Liane Carlson on dreams of moral clarity and why we need them. Continue Reading →
A round-up of recent religion news. Continue Reading →
From The Lancet, an article by Charles Stafford on Deep China: the Moral Life of the Person, a new book by Arthur Kleinman, Yunxiang Yan, Jing Jun, Sing Lee, Everett Zhang, Pan tianshu, Wu Fei, and Guo Jinhau (University of California Press, 2012):
Of course, mixed feelings are at the heart of ethical discourse and moral practice in all human societies. If life were simple, we wouldn’t have to think about morality very much—but life isn’t simple. What is striking in the case of China is that this “ordinary” moral ambivalence has played itself out against the backdrop of massive social experimentation. What if we try to wipe out our traditional cultural values and practices more or less overnight (as happened during the Cultural Revolution)? What if we restrict families to having one child (as happened with the family planning policy)? What if we take our rural youth and move them, en masse, to the cities (as is happening with the current wave of rural-to-urban migration)?
As anthropologists and others have shown, these experiments have generated an abundance of unintended consequences. Continue Reading →
Cain, Sandusky, Catholic Priests. Sex has been in the headlines a lot lately. But some important distinctions are getting lost in the rush to categorize offenses, blurring the difference between crimes against marriage with those against women or minors, or the crimes of institutions with those of individuals.
So much commentary about the cover up of sexual abuse at Penn State has wrongly made comparisons of the University to the Catholic Church. While both are large, patriarchal institutions, both have kept the long-term abuse of children under wraps for the sake of those in leadership positions, and both have all the ritualistic trappings that inspire devoted followers and protect strict hierarchical structures, Penn State is not the Roman Catholic Church. Continue Reading →
Taking a qeue from William James (and the bible), David Bromwich asks if it’s too late to examine the Obama-Bush presidency. How has the first black president, who promised to return America to “the high moral ground” and by race and rhetoric signaled an allegiance to equality and justice, proven to be the perfect ambassador of the last Bush’s policies? War. Torture. Financial titans. Bromwich lists those advisors and public servants Obama chose to keep or let go and draws conclusions about Obama’s moral compass from the record.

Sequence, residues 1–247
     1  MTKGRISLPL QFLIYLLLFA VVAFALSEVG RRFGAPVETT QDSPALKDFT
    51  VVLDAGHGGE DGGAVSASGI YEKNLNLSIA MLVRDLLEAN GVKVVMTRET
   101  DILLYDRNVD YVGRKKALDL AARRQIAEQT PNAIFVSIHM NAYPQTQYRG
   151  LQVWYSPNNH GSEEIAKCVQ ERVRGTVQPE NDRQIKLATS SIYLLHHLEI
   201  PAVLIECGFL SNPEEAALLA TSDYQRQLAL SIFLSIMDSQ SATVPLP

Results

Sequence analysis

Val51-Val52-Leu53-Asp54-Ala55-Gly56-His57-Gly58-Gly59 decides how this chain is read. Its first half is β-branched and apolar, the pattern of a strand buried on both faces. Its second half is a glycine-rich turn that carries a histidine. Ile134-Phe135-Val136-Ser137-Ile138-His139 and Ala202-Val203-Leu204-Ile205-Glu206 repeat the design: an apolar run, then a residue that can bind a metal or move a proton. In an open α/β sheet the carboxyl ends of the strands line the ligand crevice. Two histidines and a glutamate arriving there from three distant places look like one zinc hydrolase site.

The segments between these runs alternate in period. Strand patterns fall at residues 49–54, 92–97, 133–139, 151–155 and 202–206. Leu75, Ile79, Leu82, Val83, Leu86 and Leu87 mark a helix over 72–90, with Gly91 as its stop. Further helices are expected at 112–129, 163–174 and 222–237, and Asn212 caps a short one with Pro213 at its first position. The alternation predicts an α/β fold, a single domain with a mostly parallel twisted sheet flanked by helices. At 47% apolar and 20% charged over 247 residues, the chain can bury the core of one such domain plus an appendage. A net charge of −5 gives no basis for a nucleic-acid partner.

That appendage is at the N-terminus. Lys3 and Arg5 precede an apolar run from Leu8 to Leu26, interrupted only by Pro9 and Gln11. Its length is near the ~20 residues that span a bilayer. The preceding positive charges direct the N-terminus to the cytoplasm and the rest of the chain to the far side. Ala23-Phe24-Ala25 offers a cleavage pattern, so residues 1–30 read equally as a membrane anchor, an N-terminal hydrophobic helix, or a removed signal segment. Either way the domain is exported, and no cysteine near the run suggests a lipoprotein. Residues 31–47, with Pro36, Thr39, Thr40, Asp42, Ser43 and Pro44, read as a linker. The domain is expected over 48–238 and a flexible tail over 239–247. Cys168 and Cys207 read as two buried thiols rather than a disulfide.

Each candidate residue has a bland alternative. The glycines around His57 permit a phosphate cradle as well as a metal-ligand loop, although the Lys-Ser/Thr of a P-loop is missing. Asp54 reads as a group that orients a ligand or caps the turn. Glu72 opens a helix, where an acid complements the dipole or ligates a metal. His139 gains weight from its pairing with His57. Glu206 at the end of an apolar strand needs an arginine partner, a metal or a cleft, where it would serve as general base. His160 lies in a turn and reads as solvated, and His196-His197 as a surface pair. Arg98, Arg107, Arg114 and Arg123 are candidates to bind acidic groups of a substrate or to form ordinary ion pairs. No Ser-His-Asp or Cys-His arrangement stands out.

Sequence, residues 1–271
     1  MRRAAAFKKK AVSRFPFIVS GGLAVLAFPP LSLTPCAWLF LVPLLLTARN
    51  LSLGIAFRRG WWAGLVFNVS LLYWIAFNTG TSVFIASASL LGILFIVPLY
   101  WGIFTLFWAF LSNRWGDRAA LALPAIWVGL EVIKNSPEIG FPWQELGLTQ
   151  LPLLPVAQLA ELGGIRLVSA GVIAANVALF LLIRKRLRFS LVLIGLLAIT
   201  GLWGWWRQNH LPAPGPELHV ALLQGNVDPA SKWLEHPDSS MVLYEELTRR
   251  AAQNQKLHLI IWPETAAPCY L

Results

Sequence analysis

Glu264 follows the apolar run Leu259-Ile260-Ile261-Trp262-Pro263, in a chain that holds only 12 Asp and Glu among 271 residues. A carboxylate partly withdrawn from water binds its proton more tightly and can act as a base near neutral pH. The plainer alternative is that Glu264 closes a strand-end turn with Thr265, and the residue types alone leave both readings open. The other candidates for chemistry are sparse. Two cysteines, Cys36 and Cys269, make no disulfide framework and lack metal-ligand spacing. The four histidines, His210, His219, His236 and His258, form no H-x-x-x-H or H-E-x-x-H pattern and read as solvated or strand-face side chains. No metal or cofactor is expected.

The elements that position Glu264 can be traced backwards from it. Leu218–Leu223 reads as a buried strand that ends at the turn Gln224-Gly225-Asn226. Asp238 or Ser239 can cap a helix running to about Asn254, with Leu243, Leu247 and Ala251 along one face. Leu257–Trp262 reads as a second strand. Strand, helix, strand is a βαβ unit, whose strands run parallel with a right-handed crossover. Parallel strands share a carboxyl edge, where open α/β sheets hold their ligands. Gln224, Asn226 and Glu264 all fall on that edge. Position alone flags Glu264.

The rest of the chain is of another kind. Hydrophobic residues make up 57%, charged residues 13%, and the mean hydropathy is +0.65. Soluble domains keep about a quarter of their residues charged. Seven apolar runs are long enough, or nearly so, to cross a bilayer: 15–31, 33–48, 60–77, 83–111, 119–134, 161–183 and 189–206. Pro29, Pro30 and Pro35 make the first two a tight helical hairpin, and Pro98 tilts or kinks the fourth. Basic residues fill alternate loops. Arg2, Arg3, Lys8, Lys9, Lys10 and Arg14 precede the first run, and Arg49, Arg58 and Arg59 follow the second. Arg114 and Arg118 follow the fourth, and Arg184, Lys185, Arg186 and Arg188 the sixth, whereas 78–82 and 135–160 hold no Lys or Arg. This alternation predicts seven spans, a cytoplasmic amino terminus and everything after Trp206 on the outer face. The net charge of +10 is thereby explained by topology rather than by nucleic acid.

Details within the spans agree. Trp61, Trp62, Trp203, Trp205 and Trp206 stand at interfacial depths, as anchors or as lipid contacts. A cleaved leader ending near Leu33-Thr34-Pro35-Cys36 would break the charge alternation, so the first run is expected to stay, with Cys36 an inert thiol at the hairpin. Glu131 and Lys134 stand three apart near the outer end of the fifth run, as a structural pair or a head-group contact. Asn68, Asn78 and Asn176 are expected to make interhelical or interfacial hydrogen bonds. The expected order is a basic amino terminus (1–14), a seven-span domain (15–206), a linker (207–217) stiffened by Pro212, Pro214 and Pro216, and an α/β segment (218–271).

(h/t Marilyn Young for the frame) Continue Reading →
07 February 2006 The New York Times’ Benedict Carey reports on the innate human capacity for “moral disengagement,” an adaptable “moral compass” that allows people to act in contradiction to the Continue Reading →
03 February 2006 Austin Dacey, in one half of a pair of New York Times op-ed responses to Pope Benedict XVI’s new God-is-Love encyclical (the second written by Father Lorenzo Albacete), takes up an idea missing Continue Reading →
Just Like a Greek Tragedy Not content with proving the existence of God, Google aims to recreate His mind. Mob Morality Stoner jokes about biblical precedents for wedding-party hook-ups; a Catholic comic speculating Continue Reading →
Bar Mitzvah Lessons (Not) Learned Hasdai Westbrook, on Bar Mitzvah lessons: “Mr. Wolf fixed his gaze on me. ‘I believe in God for one reason only,’ he said. A pause Continue Reading →
Gay Marriage, GOP Secret Weapon 05 November 2004 Was the “moral value” of homophobia this election’s X-factor? By Jeff Sharlet My colleague Ann and I decided to tune out of Continue Reading →